Modules for course V1AR | MA/HIST
These were the modules for this course in the 2018–19 academic year.
You can also view the modules offered in the years: 2019–20.
- HPH-4005: Themes and issues in History (20) The module will introduce you to current debates and important areas of research in historical discipline. These will include themes such as history and postmodernism, cultural history, gender, class, urban history, national identity, religious history. The selected topics will provide case-studies for understanding of changes in intellectual fashion, e.g. the shift from Marxism and Feminism to Postmodernism. We aim at allowing you to have a good awareness of historical debates, issues and shifting paradigms. Seminars will look at individual themes and historical approaches to these. Individual members of staff will usually focus on their particular period or topic of expertise, using it as a case-study; however, in the list of reading you will have a broader selection of literature that covers earlier and modern periods.
- HPH-4025: Disseminating Research (20)
- HPH-4008: Initiating a Research Project (20) How to produce a successful thesis. Use of finding aids to compile lists of secondary and primary sources; presentation of scholarly bibliographies; production of critical literature search; construction of research plans for substantial and original research pieces.
- HPH-4025: Disseminating Research
- HPH-4075: Dissertation (60) (Semester 3) Core The MA dissertation will set the chosen research in its broader context e.g. historiography, theoretical framework, geographical and historical framework. It will set research questions and a structure will be worked out. It will describe and analyse the chosen topic using a range of relevant secondary and primary evidence. The project will be written up in an ordered manner that conforms with conventions set out in the Style Sheet provided for MA students.
20 credits from:
- HPH-4006: Documents and sources Med&EMod (20) (Semester 1) The course will examine a wide range of medieval and early modern genres of historical sources, including charters, records of central government, historians of medieval England and Wales, probate records, legal records, sources for parliament, visual sources, pamphlets.
- HPH-4007: Documents and Sources - Modern (20) (Semester 1) This module will introduce students to a variety of sources and documents essential in the research of modern history, including population sources, visual evidence, newspapers and journals, novels, social surveys, personal sources (diaries and autobiographies).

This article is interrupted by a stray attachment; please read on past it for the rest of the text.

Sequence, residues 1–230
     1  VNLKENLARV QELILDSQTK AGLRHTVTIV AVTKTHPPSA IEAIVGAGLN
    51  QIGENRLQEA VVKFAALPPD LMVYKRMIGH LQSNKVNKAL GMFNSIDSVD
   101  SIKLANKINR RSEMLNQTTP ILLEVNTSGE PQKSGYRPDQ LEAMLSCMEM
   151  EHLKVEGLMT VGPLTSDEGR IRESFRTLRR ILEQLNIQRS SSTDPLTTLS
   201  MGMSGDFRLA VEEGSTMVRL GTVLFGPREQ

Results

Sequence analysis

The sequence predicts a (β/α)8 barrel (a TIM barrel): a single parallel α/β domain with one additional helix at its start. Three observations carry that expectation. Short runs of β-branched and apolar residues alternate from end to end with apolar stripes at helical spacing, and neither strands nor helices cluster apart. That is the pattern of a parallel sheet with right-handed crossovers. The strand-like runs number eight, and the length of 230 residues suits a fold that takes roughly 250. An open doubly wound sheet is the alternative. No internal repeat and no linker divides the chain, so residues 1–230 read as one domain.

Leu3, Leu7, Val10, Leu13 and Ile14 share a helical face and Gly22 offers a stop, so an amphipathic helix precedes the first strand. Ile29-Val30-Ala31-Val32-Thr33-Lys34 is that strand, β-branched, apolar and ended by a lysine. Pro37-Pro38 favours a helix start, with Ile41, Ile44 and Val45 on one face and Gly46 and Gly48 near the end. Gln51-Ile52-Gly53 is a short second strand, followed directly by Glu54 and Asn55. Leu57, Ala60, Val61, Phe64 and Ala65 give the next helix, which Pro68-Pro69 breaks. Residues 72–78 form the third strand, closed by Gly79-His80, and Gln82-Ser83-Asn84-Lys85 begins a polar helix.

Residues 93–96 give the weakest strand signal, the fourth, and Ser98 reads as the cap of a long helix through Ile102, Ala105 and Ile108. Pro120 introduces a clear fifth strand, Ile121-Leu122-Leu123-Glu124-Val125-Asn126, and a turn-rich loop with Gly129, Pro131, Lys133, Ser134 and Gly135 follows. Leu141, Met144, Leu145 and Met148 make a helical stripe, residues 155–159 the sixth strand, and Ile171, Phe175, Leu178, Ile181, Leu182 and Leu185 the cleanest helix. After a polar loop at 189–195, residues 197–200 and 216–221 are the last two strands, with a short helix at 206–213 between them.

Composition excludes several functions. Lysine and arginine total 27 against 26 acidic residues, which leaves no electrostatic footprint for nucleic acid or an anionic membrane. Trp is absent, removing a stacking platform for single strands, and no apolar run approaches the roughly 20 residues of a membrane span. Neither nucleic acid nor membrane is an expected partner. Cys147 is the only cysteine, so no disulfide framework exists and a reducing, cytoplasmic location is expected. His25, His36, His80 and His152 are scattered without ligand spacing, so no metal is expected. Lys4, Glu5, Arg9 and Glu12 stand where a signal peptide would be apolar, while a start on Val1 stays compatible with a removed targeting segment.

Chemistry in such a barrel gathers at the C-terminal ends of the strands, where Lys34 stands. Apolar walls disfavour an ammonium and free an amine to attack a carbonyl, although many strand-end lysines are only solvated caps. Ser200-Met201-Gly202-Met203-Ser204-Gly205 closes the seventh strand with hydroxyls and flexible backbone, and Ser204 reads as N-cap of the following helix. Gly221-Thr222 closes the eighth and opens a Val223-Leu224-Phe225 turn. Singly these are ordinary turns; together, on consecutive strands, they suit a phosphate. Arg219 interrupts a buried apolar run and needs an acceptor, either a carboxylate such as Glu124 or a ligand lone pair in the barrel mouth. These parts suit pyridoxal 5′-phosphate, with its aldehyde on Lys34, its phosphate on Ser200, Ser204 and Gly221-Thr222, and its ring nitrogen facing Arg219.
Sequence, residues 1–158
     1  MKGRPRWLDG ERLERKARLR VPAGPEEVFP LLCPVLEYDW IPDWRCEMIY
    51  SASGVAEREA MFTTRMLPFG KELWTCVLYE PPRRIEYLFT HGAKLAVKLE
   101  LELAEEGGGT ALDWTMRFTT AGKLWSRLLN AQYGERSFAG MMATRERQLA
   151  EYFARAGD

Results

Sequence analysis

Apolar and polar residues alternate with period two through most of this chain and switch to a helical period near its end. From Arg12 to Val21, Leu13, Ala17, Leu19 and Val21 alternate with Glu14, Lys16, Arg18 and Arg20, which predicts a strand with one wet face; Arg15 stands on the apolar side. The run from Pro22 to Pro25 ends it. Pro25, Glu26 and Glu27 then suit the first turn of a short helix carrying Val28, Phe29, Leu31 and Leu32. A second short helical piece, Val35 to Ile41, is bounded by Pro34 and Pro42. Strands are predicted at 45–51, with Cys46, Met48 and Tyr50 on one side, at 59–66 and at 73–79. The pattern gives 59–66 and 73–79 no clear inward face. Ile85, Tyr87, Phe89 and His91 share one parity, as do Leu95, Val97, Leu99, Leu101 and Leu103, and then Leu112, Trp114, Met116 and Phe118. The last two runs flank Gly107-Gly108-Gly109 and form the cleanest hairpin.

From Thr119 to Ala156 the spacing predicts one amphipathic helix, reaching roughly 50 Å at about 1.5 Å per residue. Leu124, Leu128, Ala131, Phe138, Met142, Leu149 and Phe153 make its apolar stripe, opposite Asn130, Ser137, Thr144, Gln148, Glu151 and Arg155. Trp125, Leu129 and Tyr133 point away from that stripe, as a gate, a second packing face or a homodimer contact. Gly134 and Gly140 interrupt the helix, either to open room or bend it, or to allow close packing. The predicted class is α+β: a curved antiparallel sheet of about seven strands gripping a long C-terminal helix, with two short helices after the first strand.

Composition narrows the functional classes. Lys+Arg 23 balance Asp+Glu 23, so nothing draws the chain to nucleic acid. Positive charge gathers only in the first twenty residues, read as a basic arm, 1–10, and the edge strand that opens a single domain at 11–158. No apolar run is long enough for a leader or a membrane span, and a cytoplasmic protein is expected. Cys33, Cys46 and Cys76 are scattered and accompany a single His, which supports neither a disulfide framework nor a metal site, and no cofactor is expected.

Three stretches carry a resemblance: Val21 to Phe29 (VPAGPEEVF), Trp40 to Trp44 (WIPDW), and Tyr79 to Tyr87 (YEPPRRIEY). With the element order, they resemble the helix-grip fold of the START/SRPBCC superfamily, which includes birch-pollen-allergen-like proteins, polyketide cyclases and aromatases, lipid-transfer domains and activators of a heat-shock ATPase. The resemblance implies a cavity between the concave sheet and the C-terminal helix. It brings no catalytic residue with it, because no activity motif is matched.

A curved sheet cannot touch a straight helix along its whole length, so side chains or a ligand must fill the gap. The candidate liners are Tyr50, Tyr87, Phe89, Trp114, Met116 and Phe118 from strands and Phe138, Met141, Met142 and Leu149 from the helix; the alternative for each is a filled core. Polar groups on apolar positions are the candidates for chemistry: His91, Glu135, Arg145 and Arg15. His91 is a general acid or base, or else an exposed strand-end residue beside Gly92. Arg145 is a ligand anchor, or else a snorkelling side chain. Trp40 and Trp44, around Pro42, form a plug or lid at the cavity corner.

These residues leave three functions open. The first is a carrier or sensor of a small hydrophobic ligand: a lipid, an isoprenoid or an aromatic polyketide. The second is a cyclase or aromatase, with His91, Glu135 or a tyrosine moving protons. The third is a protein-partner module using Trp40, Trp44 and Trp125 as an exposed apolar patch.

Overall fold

- Studetsn must chose the Medeival and Early Modern option or the Modern option
40 credits from:
- HPW-4000: Age of Llywelyn ap Iorwerth (40) (Semester 2) This course will deal with the history of Wales during the age of Llywelyn ap Iorwerth (Llywelyn the Great) (c.1170-1240), focusing not only on Llywelyn himself but also on broader political, ecclesiastical, social and cultural developments in Wales during his lifetime. It will use a variety of sources in order to investigate Llywelyn's career as prince of Gwynedd within a wider context, both Welsh and European, and encourage critical evaluation of the ways that different genres of evidence offer differing perspectives. Attention will also be given to historiographical developments in the study of Wales in this period. Topics for discussion will include: Llywelyn's rise to power in Gwynedd, and his attempts to create a broader hegemony over other parts of Wales; relations with the English crown, especially John and Henry III; developments in other Welsh principalities and the Marcher lordships; Llywelyn's marriage to King John's daughter, Joan; the prince's acta; relations with the Church, including the patronage of religious houses; developments in native Welsh law; court poetry of the period.
- HPH-4001: National identities 1660-1800 (40) (Semester 2) Concepts of national identity; the ‘British problem’; foundations of national identity in the period 1660-1800; politics, identity and the three kingdoms in the restoration era; Jacobite and Williamite patriotisms after 1688; national identities and the Anglo-Scots union of 1707; identities in eighteenth-century Ireland; ‘Englishness’ and the development of English nationalism in the eighteenth-cetury; the concept of ‘Britishness’ in the Georgian era; American identities in the run-up to the American revolution; concepts of race and providence in British imperial expansion.
- HPH-4027: The Inner City (40) (Semester 2)
- Students must choose one of the 40 credit special options